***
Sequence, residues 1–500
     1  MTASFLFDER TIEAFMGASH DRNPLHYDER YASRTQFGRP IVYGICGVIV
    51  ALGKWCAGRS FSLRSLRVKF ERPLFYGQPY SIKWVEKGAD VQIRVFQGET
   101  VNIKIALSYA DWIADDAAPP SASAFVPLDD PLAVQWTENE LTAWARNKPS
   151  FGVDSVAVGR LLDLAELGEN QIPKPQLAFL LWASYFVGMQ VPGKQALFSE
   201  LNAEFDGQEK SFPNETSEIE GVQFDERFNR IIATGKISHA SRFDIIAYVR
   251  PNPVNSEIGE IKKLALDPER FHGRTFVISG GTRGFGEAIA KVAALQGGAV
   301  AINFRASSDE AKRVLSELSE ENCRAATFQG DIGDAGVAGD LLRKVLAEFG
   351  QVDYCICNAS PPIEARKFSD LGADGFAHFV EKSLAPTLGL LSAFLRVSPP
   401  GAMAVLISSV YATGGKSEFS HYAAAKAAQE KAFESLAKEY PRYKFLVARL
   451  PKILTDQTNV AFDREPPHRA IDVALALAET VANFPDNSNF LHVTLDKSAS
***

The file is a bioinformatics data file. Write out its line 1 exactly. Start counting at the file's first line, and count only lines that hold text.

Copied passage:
Sequence, residues 1–500